In Brief

Australia has no culture, says David Gower ahead of Ashes

Former England captain says Aussie players have 'animal mentality' and fans are 'feral'

DAVID GOWER has upped the ante ahead of this summer's Ashes series by describing Australia as a country with "no culture" and claiming its cricketers have an "animal mentality".

The former England skipper's comments came in an interview with the Radio Times, reports the Daily Mail, in which he warned that Australian fans were "feral" and suggested that the best way to deal with Aussie insults was simply to smile - or keep scoring runs, as England's batsmen have been tipped to do this summer.

Asked if the contest between the old enemies was a clash of cultures Gower, who captained England to Ashes success in 1985, said: "I'm tempted to say how can you have a clash of cultures when you're playing against a country with no culture? That would almost be sledging."

Turning his attention to the return series in Australia this winter he said: "If you're on the boundary you have to be very, very thick-skinned, because the Aussie crowd will try you with absolutely anything.

"The trouble is, if they've had ten cans of lager, their ability to come up with something akin to Oscar Wilde diminishes. A lot of it therefore tends to be very stereotypical. But it's feral; if they sense weakness, they'll come at you. "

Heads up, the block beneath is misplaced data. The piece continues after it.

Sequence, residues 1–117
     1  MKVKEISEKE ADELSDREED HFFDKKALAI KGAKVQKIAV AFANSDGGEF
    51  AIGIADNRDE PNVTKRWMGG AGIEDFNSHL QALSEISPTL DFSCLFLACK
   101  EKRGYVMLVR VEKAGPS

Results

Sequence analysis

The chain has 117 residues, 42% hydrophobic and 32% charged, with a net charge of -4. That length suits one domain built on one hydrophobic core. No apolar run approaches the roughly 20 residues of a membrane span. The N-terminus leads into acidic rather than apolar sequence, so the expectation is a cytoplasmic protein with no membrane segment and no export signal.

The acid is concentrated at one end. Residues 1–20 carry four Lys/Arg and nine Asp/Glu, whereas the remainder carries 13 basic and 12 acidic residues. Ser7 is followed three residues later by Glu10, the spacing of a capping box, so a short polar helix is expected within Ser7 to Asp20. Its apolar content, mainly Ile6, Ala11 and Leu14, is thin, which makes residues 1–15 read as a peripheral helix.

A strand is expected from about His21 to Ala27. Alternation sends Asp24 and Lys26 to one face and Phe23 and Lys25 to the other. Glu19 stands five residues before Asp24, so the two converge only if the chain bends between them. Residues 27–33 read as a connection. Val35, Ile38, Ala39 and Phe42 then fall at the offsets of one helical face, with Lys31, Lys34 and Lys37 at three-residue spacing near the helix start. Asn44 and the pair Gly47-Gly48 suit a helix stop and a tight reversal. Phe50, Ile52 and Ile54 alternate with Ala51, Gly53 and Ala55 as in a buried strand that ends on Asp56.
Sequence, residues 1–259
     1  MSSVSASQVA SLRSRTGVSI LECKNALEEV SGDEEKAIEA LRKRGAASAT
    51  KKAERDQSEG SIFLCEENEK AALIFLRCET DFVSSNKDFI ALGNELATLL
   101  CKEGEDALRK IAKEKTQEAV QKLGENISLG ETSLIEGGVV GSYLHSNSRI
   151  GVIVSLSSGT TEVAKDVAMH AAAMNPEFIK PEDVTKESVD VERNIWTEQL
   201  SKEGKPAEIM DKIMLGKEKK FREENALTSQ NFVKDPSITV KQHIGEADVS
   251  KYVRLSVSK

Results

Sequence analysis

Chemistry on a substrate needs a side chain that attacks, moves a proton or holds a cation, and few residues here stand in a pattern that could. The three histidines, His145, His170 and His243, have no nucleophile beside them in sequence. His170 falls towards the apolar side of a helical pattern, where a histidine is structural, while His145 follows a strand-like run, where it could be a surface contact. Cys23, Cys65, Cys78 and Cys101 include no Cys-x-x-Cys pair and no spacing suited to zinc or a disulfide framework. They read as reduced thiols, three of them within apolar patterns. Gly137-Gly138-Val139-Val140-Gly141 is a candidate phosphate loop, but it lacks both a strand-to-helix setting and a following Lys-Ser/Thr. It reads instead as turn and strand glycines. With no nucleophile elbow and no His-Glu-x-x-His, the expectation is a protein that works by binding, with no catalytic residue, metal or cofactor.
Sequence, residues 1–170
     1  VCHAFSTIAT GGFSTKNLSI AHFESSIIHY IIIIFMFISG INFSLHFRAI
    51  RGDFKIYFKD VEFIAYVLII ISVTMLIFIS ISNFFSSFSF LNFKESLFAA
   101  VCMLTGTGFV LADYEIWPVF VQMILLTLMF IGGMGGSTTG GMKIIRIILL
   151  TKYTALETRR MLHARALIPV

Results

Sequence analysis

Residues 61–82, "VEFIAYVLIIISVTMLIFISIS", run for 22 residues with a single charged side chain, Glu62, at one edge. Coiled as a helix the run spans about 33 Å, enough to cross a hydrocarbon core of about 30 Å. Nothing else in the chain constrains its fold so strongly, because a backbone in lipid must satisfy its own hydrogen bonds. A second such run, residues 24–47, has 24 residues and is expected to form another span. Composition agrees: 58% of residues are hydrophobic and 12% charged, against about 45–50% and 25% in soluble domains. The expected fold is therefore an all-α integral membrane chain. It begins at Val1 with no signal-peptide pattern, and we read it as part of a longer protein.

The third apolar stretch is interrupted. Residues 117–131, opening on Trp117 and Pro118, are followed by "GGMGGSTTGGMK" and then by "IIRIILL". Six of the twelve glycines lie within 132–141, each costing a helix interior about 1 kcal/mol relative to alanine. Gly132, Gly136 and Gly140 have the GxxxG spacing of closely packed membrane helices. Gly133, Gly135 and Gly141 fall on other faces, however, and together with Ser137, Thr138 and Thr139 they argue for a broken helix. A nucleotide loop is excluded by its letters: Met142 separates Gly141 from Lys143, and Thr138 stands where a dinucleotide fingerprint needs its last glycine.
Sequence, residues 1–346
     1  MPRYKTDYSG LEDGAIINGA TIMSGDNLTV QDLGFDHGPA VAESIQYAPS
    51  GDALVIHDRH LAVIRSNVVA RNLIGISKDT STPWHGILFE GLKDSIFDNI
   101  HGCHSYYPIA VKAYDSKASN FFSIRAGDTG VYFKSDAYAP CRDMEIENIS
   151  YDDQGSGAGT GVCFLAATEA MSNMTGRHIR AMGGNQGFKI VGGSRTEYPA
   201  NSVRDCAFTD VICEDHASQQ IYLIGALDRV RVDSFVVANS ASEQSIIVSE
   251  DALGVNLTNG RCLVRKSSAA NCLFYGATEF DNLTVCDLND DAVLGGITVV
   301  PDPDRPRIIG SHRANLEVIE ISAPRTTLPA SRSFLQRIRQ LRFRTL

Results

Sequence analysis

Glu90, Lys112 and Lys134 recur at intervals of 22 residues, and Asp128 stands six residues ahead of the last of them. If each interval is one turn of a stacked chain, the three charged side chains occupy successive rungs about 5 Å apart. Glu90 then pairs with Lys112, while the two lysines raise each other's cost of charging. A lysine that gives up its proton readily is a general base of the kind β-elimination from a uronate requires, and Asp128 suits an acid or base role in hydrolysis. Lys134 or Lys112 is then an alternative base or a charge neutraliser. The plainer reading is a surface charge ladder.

The 54-year-old former batsman added: "It's the same with sledging on the field. There's a certain animal mentality, and if they sense a bit of weakness, they’ll try it on more. The great thing is just to smile, because the smile completely confuses them. But the best way to keep an Australian bowler quiet is simply to make runs. If you're 120 not out, they tend not to say much."

Metro notes that the current Australia side is regarded as the weakest for decades and although "Gower has been on the receiving end of enough beatings from the Aussies to remain cautious, he is confident of an English victory".

Gower said: "We've got every right to be optimistic, but no right to be overconfident."

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